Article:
Jane Austen, Persuasion: Ch. 5

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Chapter 5

On the morning appointed for Admiral and Mrs Croft's seeing Kellynch Hall, Anne found it most natural to take her almost daily walk to Lady Russell's, and keep out of the way till all was over; when she found it most natural to be sorry that she had missed the opportunity of seeing them.

This meeting of the two parties proved highly satisfactory, and decided the whole business at once. Each lady was previously well disposed for an agreement, and saw nothing, therefore, but good manners in the other; and with regard to the gentlemen, there was such an hearty good humour, such an open, trusting liberality on the Admiral's side, as could not but influence Sir Walter, who had besides been flattered into his very best and most polished behaviour by Mr Shepherd's assurances of his being known, by report, to the Admiral, as a model of good breeding.

The house and grounds, and furniture, were approved, the Croftsh were approved, terms, time, every thing, and every body, was right; and Mr Shepherd's clerks were set to work, without there having been a single preliminary difference to modify of all that "This indenture sheweth."

Sir Walter, without hesitation, declared the Admiral to be the best-looking sailor he had ever met with, and went so far as to say, that if his own man might have had the arranging of his hair, he should not be ashamed of being seen with him any where; and the Admiral, with sympathetic cordiality, observed to his wife as they drove back through the park, "I thought we should soon come to a deal, my dear, in spite of what they told us at Taunton. The Baronet will never set the Thames on fire, but there seems to be no harm in him."--reciprocal compliments, which would have been esteemed about equal.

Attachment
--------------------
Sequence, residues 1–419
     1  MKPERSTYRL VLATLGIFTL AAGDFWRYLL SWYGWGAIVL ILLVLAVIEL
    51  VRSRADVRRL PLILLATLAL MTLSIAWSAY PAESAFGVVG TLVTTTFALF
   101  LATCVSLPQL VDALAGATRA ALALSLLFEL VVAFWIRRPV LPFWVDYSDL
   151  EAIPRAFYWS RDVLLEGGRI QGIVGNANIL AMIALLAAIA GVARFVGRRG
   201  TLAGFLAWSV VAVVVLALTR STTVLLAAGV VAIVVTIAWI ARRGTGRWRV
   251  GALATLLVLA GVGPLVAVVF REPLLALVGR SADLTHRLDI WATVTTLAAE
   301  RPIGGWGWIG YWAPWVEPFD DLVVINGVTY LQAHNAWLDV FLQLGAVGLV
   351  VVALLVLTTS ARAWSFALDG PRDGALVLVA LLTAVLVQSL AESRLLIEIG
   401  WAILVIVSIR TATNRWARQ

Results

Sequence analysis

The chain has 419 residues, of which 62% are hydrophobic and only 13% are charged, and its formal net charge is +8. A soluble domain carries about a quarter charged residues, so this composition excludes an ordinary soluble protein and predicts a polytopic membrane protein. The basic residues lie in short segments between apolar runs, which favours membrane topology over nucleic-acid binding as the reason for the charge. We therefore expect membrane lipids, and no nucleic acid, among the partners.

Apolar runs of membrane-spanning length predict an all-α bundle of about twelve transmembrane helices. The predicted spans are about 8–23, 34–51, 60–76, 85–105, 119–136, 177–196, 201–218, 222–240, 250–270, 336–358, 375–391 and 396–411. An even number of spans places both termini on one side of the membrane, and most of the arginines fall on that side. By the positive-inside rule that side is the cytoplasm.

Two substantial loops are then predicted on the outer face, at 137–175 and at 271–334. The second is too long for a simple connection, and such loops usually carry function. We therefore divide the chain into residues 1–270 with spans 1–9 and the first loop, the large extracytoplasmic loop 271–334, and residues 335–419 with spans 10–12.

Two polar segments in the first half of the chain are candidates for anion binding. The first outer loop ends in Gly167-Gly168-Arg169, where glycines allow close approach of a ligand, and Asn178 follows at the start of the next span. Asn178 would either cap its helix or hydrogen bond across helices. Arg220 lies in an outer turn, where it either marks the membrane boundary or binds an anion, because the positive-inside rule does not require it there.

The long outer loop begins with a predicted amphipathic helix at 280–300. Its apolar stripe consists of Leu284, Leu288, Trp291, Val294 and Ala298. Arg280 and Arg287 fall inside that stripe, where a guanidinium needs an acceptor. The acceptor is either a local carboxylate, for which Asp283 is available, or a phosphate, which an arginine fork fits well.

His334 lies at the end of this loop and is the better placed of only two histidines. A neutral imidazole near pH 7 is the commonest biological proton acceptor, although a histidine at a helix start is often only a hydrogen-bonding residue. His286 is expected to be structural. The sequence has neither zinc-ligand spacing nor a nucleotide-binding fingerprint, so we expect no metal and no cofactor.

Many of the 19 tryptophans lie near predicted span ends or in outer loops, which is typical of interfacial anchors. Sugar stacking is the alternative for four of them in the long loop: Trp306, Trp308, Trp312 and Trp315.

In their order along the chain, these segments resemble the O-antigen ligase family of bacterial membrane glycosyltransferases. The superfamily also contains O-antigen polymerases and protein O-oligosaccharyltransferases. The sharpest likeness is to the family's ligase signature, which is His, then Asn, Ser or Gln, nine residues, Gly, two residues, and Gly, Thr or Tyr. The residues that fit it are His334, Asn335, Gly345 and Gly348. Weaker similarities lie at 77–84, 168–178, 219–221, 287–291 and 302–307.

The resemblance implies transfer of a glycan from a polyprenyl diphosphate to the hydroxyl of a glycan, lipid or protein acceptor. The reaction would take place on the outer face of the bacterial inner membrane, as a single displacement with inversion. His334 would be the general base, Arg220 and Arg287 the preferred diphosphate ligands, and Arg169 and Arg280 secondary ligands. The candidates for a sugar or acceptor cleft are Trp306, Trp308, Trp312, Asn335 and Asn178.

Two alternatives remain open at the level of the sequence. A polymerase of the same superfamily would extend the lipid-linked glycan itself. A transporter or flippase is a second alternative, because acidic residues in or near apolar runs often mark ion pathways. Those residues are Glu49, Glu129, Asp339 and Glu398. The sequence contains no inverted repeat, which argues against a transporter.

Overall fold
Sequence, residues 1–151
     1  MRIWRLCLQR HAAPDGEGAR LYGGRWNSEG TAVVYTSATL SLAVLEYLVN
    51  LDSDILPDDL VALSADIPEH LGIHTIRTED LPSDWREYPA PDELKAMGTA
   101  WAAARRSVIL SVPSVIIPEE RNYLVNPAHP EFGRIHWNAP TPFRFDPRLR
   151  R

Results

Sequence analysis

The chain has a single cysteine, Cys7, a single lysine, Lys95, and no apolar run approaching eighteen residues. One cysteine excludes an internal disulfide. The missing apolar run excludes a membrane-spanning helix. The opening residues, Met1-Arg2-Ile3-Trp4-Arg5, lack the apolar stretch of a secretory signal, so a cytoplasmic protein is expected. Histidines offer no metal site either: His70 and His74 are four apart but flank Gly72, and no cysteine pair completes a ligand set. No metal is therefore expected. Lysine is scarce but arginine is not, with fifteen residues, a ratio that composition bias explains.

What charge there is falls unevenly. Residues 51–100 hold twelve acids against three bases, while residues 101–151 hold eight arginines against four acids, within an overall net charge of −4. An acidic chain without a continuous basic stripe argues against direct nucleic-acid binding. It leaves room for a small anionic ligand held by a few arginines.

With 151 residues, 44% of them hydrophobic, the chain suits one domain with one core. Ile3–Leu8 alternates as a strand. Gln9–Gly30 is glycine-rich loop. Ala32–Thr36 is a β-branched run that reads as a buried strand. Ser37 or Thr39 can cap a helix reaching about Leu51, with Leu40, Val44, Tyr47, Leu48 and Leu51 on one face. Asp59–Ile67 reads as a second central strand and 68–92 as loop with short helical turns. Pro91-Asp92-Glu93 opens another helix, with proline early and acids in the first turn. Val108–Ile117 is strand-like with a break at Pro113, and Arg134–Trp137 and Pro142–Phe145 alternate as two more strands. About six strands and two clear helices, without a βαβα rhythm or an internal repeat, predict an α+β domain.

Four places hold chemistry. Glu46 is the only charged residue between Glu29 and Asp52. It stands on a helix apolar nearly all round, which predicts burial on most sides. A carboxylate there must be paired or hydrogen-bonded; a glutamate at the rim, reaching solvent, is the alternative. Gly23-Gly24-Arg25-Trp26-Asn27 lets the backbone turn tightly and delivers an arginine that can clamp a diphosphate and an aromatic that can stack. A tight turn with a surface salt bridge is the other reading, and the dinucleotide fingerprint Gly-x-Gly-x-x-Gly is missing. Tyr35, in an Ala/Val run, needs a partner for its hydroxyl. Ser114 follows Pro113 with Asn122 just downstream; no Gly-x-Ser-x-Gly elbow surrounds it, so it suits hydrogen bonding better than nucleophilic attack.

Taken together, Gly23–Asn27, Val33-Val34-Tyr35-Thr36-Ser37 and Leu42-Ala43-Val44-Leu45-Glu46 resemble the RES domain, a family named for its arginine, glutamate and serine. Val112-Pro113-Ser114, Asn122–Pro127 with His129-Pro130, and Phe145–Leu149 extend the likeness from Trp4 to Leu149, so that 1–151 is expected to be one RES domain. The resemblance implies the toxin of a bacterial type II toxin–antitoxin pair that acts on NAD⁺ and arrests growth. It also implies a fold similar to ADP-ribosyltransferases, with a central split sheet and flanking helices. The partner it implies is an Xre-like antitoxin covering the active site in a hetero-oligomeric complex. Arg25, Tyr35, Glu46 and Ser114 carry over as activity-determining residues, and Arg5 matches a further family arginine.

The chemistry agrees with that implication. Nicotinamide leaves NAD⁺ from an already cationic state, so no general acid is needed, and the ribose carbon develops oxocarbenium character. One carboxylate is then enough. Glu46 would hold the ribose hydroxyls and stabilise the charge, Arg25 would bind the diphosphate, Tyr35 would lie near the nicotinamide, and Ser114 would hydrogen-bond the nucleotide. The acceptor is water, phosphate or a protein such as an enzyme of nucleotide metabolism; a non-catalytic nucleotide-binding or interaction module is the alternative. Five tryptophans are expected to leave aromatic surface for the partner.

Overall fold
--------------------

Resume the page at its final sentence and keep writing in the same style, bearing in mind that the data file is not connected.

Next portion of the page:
The Crofts were to have possession at Michaelmas;w and as Sir Walter proposed removing to Bath in the course of the preceding month, there was no time to be lost in making every dependent arrangement.

Lady Russell, convinced that Anne would not be allowed to be of any use, or any importance, in the choice of the house which they were going to secure, was very unwilling to have her hurried away so soon, and wanted to make it possible for her to stay behind till she might convey her to Bath herself after Christmas; but having engagements of her own which must take her from Kellynch for several weeks, she was unable to give the full invitation she wished, and Anne though dreading the possible heats of September in all the white glare of Bath, and grieving to forego all the influence so sweet and so sad of the autumnal months in the country, did not think that, everything considered, she wished to remain. It would be most right, and most wise, and, therefore must involve least suffering to go with the others.

Something occurred, however, to give her a different duty. Mary, often a little unwell, and always thinking a great deal of her own complaints, and always in the habit of claiming Anne when anything was the matter, was indisposed; and foreseeing that she should not have a day's health all the autumn, entreated, or rather required her, for it was hardly entreaty, to come to Uppercross Cottage, and bear her company as long as she should want her, instead of going to Bath.

"I cannot possibly do without Anne," was Mary's reasoning; and Elizabeth's reply was, "Then I am sure Anne had better stay, for nobody will wanth her in Bath."

To be claimed as a good, though in an improper style, is at least better than being rejected as no good at all; and Anne, glad to be thought of some use, glad to have anything marked out as a duty, and certainly not sorry to have the scene of it in the country, and her own dear country, readily agreed to stay.

X [h] Crofts

People

A croft is a small piece of arable land, a crofter someone who farms or grazes it. Given the Admiral's dubious capacities on land in the management of horse and carriage, his name is gently comic. And it has the virtue of rhyming with "lofts," which has its nautical associations.

X [w] Michaelmas;

Daily Life

"Deprecated" in Johnson is "prayed deliverance from." With "imprudence" and "horror," the suggestion is of visceral revulsion. 

X [h] want

Gender

Need.

The larger issue here, common also to Fanny in Mansfield Park, is how "usefulness" fulfills the personality of an unmarried woman in a household. Being useful goes well beyond duty to be an expression of her very being. To render her unnecessary is to deny her a reasonably full existence as a woman. In the next paragraph we learn of Anne's deliberate marginalization because of Mrs. Clay's being "of so much use, while Anne could be of none...."